A much awaited relief to non-residents on non-furnishing of PAN | CA Prakash Hegde and CA Raghavendra N.

A much awaited relief to non-residents on non-furnishing of PAN

By CA Prakash Hegde and CA Raghavendra N.

The provisions of Section 206AA of the Income Tax Act (‘Act’) require that when a person (recipient/deductee) is entitled to receive any amount from another person (payer/ deductor) and if that amount is subject to Tax Deduction at Source (‘TDS’), the recipient has to furnish his Permanent Account Number (‘PAN’) to the payer.  If the PAN is not furnished by the recipient, the payer is required to deduct taxes at the highest of the following rates:

  1. Rate specified in the relevant provisions of the Act;
  2. Rates in force;
  3. 20%.

The above provisions were introduced by the Finance Act 2009 with effect from 01 April 2010 to track the taxability of payments in the hands of recipients and also to compel the recipients to obtain PAN in India. These provisions do not distinguish between resident assessees and non-resident assessees and therefore, are applicable to all recipients if the amount they are entitled to receive is subject to TDS.

India has Double Taxation Avoidance Agreements (‘DTAA’) with many countries providing beneficial provisions for taxation of income from royalties, interest, fees for technical services etc. received by non-residents.  Further, the provisions of section 90(2) of the Act give an option to an assessee to be governed either by the provisions of the Act or the applicable Double Taxation Avoidance Agreement (‘DTAA’), whichever are more beneficial.  In contrast to this, section 206AA starts with the non-obstante clause which states that “Notwithstanding anything contained in any other provisions of this Act”, thereby imposing the provisions of this section and overshadowing the beneficial provisions of the DTAA.

Considering the above non-obstante clause, the tax authorities were taking a view that, section 206AA would override the provisions of section 90(2) and hence, the provisions of DTAA as well.  However, the deductors argued that the beneficial provisions of DTAA (allowing a lower tax withholding) cannot be denied.  This matter had become a major issue of litigation in the recent years.

In this regard, recently, the Bangalore bench of the Income Tax Appellate Tribunal (‘ITAT’), in the matter of DCIT Vs Infosys BPO Ltd[1] had held that, the provisions of TDS have to be read along with the machinery provisions of computing the tax liability on the sum in question and there is no scope for deduction of tax at a higher rate, when the benefit of the DTAA is applicable.   Similar decisions were rendered by the ITAT in the cases of Wipro Ltd.[2], Serum Institute of India Limited[3] and Bharti Airtel Ltd.[4] holding that the higher rates are not to be applied where the DTAA rates are lower.

The requirement of obtaining PAN or getting in to the net of litigation in the alternative, deterred many non-resident companies from doing business with India.

Taking note of these issues and concerns, the Government of India, vide the Finance Act 2016, inserted sub-section (7) to section 206AA, which provides that the higher rate of withholding tax shall not be applicable to payments made to non-residents, subject to conditions, as may be prescribed.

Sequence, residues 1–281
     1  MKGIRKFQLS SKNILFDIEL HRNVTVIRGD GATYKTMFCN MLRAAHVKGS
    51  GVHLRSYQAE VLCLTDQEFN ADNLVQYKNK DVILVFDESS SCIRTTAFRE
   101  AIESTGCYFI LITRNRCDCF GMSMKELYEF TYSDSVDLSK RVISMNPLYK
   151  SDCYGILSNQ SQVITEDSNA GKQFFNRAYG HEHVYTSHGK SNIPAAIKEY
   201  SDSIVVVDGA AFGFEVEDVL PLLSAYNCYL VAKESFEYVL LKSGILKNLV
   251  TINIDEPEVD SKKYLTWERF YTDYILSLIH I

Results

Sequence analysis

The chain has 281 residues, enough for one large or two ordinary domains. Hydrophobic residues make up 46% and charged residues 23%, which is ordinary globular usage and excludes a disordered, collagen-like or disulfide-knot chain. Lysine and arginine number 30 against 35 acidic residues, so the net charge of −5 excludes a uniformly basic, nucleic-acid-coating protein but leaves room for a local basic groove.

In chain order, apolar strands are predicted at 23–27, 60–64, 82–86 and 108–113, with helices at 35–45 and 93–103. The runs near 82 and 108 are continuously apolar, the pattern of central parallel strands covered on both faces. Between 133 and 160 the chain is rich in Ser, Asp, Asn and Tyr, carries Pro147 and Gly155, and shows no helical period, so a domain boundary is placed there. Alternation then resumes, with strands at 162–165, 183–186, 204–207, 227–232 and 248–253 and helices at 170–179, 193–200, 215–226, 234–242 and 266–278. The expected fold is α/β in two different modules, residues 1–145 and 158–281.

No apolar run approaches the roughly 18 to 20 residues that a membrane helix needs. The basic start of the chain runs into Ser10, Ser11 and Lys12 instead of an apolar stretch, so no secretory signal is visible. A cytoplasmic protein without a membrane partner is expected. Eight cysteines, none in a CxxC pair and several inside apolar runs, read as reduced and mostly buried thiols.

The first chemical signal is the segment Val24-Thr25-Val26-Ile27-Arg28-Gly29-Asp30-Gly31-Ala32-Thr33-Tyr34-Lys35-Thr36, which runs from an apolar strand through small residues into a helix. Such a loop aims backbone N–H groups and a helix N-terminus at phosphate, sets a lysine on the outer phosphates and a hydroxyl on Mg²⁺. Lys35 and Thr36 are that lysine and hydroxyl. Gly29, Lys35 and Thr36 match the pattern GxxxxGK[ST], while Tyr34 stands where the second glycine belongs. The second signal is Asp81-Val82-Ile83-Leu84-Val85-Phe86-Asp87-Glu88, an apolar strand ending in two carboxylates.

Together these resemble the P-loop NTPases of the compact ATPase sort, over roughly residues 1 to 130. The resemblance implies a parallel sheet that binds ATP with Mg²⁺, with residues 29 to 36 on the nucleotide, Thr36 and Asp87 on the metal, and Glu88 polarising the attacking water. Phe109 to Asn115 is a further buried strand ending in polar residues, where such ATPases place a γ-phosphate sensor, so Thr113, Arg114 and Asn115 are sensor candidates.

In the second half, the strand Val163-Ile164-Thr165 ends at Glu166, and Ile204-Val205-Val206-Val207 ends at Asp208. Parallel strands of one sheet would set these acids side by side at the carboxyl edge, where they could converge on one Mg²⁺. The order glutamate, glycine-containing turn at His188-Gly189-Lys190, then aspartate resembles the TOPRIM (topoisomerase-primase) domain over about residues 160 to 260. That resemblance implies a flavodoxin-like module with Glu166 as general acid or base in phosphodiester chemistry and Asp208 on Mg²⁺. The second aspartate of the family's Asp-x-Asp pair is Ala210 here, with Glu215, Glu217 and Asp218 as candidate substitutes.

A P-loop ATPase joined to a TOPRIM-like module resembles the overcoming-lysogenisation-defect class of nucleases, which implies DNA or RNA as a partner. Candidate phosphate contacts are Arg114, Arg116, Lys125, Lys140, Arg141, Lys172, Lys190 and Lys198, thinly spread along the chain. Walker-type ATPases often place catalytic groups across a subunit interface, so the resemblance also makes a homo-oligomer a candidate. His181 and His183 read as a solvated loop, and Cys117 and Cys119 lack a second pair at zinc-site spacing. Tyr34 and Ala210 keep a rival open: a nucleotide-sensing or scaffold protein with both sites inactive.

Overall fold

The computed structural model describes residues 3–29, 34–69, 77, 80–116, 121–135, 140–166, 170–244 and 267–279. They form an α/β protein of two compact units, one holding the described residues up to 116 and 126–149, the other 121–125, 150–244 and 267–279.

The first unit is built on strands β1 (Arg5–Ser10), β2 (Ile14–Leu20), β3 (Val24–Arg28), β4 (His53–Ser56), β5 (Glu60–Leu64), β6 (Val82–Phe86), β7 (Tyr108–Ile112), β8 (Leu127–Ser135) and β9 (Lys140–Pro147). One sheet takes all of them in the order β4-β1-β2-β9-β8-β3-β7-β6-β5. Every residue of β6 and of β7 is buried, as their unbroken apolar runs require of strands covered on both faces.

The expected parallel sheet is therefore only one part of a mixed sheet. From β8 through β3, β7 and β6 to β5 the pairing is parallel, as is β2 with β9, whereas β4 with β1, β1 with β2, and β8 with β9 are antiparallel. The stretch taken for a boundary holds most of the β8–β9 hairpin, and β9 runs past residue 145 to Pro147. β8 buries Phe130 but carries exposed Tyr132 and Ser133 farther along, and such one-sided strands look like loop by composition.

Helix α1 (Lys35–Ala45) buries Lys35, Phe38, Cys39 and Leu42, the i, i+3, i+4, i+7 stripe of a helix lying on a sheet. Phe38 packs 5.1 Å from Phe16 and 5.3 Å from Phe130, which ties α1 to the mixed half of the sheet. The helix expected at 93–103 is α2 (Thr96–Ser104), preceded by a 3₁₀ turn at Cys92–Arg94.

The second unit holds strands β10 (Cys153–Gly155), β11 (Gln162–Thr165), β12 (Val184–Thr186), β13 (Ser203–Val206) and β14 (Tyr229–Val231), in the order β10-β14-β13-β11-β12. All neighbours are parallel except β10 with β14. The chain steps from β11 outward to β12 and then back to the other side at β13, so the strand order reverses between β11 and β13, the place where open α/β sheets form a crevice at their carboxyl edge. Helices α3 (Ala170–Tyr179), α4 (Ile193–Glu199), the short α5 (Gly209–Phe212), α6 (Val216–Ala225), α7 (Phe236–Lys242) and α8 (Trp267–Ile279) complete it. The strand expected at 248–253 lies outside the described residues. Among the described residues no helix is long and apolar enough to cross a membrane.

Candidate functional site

In providing these conditions under section 206AA(7), the Central Board of Direct Taxes , vide notification dated 24 June 2016, has inserted a new Rule 37BC to the Income-tax Rules, 1962, prescribing the details and documents that a deductee is required to furnish. The new Rule provides that, section 206AA of the Act will not apply in respect of payments like interest, royalty, fees for technical services and payments on transfer of any capital asset even if the deductee has no PAN but furnishes the details and documents prescribed therein i.e. –

  • Name, e-mail id and contact number;
  • Address in the country or specified territory outside India of which the deductee is resident;
  • A certificate of his being resident in any country or specified territory outside India, from the Government of that country or specified territory if the law of that country or specified territory provides for issuance of such certificate;
  • Tax Identification Number of the deductee in the country or specified territory of his residence and in case no such number is available, then a unique number on the basis of which the deductee is identified by the Government of that country or the specified territory of which he claims to be a resident.

Therefore, effective 24 June 2016, higher withholding tax under the provisions of section 206AA would not be applicable to non-resident payee, if the above mentioned information and documents are made available to the payer, at the time of tax deduction. It is pertinent to note that the new Rule 37BC covers only payments in the nature of fees for technical services, payments on transfer of capital asset, interest and royalty.

By insertion of sub-section (7) to section 206AA and with the notifying of the conditions, the Government has provided a much awaited relief and certainty to the non-residents on the applicability of beneficial rate on furnishing of the prescribed details and documents, enabling further ‘ease of doing business in India’.


[1] 154 ITD 816 (Bangalore ITAT) (2016)

[2]ITA Nos. 1544 to 1547/Bang/2013 (Bangalore ITAT) (2016)

[3] 68 SOT 254 (Pune ITAT) (2015)

[4]67 taxmann.com 223 (Delhi ITAT) (2016)

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